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Best WordPress Backup Plugins: 5 Best Plugins Compared

You can’t wait.

Backups require your immediate attention.

I think we all know this in the back of our minds, but it seems like too often we figure a backup can wait until later. We think, “Nothing bad will happen right now,” or “I’ll backup my site for the next WordPress update.”

What’s funny is that the best WordPress backup plugins only take a few minutes to install, then you’re setup for the rest of your site’s life.

It’s that easy, and it could prevent hours, or even days, of headaches, wasted time and lost money. The hackers aren’t going to wait around for you to install a backup plugin in the future, so it’s best you do it now. Not only that, but you don’t even have to get hacked to lose your data. A simple plugin or WordPress update could change around the design of your site, cause data loss or make for conflicting themes or plugins.

Those backup plugins look like a mighty nice idea after the fact, so do yourself a favor and protect your WordPress website today.

Seeing as how there are so many WordPress backup plugins, we’re going to outline some free ones, along with a few paid options. We’ll also talk about the pros and cons of each, allowing you to make an educated decision after this article. In addition, you should be able to see exactly which backup plugins are right for your unique business. Let’s take a look.

The Rules to Follow With Your Backups

Backups are pretty simple to understand, but each WordPress user should know how to use them and when to complete a backup. Therefore, we put together a list of rules for all WordPress backups.

  1. If you’re updating WordPress or a plugin, always complete a backup beforehand.
  2. Not every plugin needs to be backed up. Spam plugins and other bloated solutions are incredibly hard on your database, making for large backup files.
  3. Your best bet is to have backups in three locations. We suggest one in an external hard-drive, another on a cloud service, and another in your email inbox.
  4. Try to work your backup schedule around your blogging or site updating schedule. You don’t want it conflicting with a pivotal blog post publication or something similar.
  5. Make it a habit to complete manual backups on occasion (see below)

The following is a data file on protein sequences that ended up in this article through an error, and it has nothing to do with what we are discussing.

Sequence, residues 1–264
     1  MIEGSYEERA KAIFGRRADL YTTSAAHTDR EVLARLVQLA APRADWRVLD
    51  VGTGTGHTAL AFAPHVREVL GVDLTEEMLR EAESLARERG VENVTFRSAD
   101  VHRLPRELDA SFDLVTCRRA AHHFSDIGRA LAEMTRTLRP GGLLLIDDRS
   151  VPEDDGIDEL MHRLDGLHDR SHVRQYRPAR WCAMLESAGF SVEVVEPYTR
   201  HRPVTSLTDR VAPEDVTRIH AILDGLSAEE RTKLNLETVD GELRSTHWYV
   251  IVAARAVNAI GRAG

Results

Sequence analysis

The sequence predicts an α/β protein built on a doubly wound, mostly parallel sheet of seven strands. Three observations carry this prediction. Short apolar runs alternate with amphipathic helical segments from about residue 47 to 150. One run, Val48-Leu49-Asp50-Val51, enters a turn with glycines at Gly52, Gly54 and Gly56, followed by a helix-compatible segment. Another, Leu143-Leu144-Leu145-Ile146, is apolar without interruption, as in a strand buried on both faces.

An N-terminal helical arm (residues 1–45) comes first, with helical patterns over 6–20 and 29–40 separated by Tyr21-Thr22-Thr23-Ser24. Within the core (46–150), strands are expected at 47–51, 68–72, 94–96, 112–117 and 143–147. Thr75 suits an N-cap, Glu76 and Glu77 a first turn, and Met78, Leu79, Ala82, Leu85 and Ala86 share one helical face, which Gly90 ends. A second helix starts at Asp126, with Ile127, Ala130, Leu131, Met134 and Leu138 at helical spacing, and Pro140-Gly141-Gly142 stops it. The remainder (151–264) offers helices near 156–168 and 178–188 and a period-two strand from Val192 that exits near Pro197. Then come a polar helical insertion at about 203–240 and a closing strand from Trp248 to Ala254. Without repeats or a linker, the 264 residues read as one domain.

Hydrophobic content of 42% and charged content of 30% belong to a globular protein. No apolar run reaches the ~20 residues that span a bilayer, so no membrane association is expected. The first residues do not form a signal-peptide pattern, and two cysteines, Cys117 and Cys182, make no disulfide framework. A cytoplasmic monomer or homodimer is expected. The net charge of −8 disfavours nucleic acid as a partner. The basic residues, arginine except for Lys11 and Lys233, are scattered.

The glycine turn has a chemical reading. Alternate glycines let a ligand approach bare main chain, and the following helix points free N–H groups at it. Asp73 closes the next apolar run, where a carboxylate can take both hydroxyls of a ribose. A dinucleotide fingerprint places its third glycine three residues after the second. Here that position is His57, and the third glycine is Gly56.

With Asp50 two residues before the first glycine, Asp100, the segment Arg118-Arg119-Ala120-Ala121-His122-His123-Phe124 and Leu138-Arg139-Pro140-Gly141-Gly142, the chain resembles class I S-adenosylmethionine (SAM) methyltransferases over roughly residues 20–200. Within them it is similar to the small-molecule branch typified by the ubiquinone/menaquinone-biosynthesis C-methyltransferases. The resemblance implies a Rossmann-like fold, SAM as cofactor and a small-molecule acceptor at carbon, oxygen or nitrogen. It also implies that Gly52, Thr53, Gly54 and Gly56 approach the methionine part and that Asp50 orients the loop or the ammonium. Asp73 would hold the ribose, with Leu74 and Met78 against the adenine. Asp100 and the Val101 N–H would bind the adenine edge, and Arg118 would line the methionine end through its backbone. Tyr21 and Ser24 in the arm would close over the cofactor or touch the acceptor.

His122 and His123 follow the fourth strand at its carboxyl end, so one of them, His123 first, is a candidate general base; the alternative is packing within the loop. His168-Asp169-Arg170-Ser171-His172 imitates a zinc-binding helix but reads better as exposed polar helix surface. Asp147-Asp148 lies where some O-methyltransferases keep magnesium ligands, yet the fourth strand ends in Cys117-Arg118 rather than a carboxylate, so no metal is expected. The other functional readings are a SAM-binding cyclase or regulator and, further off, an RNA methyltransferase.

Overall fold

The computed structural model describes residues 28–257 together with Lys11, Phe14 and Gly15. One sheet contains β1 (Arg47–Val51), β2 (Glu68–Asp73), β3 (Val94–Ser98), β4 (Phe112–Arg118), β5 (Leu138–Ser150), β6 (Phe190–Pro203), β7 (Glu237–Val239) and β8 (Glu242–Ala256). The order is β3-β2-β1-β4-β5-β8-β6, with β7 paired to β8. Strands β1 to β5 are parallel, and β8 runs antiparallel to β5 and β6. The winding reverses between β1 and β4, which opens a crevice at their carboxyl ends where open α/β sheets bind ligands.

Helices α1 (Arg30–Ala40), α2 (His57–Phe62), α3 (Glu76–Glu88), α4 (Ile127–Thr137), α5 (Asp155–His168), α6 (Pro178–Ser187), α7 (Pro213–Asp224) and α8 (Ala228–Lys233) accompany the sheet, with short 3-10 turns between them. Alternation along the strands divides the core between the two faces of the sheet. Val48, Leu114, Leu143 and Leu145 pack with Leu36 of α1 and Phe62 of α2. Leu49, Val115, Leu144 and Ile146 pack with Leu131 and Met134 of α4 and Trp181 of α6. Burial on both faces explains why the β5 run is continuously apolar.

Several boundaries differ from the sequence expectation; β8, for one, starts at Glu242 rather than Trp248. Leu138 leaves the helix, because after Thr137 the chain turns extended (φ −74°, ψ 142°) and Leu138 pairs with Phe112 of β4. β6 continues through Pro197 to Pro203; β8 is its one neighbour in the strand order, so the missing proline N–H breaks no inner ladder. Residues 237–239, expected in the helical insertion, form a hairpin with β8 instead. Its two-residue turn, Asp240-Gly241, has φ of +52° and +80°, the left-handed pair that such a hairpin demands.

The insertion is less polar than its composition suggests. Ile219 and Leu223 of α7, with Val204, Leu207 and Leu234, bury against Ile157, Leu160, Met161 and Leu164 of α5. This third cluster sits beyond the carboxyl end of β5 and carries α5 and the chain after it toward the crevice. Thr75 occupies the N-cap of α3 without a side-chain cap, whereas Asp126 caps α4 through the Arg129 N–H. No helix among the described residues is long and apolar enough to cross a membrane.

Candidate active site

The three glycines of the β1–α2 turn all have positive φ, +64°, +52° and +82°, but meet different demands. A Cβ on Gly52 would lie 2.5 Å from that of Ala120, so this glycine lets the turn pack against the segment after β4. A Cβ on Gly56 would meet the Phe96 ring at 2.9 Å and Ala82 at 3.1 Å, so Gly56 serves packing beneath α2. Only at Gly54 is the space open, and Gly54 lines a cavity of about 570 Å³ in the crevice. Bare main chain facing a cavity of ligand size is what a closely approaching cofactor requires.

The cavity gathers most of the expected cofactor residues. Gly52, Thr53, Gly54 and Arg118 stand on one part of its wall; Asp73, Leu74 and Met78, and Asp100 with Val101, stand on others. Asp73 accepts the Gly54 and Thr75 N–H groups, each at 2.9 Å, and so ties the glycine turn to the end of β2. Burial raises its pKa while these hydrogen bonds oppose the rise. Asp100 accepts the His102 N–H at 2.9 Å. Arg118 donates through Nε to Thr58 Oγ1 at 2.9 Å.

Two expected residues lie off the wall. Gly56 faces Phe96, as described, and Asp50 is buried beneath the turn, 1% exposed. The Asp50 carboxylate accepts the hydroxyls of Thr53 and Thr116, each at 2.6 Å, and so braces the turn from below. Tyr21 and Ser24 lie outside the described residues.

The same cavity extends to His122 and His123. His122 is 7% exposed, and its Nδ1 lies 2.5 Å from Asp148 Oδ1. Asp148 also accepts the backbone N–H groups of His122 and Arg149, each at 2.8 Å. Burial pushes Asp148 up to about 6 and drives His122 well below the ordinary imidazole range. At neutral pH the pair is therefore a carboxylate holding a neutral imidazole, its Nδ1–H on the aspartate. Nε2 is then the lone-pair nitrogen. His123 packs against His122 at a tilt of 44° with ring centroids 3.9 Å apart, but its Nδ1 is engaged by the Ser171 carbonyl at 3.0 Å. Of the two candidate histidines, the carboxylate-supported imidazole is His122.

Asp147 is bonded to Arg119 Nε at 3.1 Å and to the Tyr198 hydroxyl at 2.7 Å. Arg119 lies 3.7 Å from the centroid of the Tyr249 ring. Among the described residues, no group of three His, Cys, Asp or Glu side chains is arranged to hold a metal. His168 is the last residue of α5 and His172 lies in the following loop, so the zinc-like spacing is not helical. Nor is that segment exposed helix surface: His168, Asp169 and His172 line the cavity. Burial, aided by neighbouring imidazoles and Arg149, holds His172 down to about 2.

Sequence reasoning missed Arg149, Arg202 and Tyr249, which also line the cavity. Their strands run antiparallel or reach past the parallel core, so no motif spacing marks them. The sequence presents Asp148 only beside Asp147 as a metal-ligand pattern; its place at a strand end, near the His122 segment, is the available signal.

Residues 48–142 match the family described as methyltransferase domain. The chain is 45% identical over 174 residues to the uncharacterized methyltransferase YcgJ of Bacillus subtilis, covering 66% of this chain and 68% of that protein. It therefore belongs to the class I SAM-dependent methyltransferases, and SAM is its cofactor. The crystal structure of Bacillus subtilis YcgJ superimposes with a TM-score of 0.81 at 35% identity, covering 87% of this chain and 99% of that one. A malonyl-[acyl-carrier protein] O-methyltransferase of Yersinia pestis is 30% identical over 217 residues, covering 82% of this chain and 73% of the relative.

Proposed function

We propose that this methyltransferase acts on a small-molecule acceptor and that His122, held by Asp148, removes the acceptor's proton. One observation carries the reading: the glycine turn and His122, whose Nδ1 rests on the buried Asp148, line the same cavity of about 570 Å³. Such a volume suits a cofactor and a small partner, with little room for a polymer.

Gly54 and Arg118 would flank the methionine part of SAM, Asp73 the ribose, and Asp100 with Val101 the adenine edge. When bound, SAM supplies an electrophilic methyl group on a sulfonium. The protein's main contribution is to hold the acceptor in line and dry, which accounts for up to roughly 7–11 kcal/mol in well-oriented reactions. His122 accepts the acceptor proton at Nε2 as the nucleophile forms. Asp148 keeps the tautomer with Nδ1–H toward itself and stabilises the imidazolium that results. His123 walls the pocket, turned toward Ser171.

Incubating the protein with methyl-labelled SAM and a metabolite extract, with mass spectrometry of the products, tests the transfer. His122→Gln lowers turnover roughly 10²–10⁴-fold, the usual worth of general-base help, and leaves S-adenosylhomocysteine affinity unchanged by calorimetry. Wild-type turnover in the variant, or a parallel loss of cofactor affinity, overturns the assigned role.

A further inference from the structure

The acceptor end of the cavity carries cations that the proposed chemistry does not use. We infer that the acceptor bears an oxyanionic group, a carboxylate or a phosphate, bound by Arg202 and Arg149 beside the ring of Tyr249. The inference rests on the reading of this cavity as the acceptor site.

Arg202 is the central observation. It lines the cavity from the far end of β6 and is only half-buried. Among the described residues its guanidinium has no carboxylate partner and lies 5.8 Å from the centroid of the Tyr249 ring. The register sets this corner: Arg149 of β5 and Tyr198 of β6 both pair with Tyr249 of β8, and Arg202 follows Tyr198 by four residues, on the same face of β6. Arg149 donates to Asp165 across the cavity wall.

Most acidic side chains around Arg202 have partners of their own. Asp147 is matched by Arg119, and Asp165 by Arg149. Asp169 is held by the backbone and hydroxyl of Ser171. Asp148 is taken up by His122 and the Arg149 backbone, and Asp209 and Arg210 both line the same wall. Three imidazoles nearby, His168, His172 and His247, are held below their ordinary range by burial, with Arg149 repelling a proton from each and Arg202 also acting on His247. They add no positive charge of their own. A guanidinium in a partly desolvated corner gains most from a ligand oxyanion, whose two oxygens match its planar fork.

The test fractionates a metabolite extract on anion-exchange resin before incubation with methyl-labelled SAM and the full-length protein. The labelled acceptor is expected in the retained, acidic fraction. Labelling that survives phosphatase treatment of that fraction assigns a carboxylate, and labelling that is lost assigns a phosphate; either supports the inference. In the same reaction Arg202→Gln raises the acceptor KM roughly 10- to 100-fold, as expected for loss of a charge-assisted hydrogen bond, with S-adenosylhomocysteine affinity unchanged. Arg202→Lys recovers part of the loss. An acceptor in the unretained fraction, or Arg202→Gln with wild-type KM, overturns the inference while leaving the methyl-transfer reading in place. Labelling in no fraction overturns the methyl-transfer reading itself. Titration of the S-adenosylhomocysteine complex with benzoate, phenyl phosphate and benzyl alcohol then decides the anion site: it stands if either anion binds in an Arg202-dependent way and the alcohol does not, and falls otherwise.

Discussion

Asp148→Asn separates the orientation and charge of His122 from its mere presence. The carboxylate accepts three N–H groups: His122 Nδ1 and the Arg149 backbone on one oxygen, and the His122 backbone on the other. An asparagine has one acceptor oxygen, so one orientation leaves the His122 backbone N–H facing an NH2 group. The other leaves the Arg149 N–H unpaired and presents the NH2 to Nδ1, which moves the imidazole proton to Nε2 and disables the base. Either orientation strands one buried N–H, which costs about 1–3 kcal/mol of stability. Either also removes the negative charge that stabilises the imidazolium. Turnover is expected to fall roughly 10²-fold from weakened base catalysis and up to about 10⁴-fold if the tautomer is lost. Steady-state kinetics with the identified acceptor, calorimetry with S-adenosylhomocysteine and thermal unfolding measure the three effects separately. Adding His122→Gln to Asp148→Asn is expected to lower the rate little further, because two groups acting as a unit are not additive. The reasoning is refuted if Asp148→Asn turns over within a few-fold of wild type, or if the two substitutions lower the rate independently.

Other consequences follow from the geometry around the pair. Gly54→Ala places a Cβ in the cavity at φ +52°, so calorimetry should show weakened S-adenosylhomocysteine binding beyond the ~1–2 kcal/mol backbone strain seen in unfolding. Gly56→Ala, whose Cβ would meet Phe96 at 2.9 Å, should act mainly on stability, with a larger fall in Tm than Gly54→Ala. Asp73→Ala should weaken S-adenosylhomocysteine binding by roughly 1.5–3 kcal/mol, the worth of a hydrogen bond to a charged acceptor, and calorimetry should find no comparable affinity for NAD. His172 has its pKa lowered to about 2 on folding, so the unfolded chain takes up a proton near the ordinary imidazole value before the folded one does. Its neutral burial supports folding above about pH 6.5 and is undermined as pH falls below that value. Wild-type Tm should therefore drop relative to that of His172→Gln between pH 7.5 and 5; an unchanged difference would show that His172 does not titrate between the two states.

Is There a Reason I Can’t Do Manual Backups?

Manual backups are fine, if you remember to complete them. The problem is that many webmasters forget.

However, putting a manual backup on your calendar is a wonderful way to ensure that your backup solution is actually working the way it should. Sometimes we get too comfortable with our backup plugins, so it’s prudent to check-in on occasion.

Another reason for manually backing up on occasion is to have full control over what gets backed up. However, this argument doesn’t carry as much weight, since most backup plugins allow for full control as well (but in an automated fashion).

Overall, it’s completely up to you, but I recommend having a backup plugin for the automated part, then marking your calendar to run a manual backup every once in a while.

The Best WordPress Backup Plugins to Choose From

Now that you know the rules behind backups, keep reading to see the best solutions on the market. Some companies and individuals will jump right for the freebies, while others are willing to spend more to get more. Overall, it depends entirely on your current budget and organization type.

1. BackupBuddy from iThemes

The BackupBuddy plugin is a favorite for a few reasons. First of all, you get premium support from iThemes. Next, the plugin covers everything from malware to deleted files, and bad commands to server crashes. Not only that, but the plugin has support just about every feature that some of the other plugins mentioned below miss. This includes the storage of backups at an offsite location, WordPress restoring and backup scheduling.